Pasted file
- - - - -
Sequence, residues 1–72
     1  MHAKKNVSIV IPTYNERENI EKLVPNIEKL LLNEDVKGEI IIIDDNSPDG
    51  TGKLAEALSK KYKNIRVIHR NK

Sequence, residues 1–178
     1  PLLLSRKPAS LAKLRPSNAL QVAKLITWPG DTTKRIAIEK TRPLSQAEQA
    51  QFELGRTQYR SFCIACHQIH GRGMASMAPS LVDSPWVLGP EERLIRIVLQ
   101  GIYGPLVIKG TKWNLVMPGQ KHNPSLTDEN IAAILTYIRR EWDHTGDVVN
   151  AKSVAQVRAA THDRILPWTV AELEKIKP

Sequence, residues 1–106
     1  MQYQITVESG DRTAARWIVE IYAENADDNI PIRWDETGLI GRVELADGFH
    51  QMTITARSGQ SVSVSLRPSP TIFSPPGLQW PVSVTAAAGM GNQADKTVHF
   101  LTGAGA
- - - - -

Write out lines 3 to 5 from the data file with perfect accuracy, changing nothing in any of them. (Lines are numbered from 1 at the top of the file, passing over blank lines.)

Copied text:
    51  TGKLAEALSK KYKNIRVIHR NK

Sequence, residues 1–178
     1  PLLLSRKPAS LAKLRPSNAL QVAKLITWPG DTTKRIAIEK TRPLSQAEQA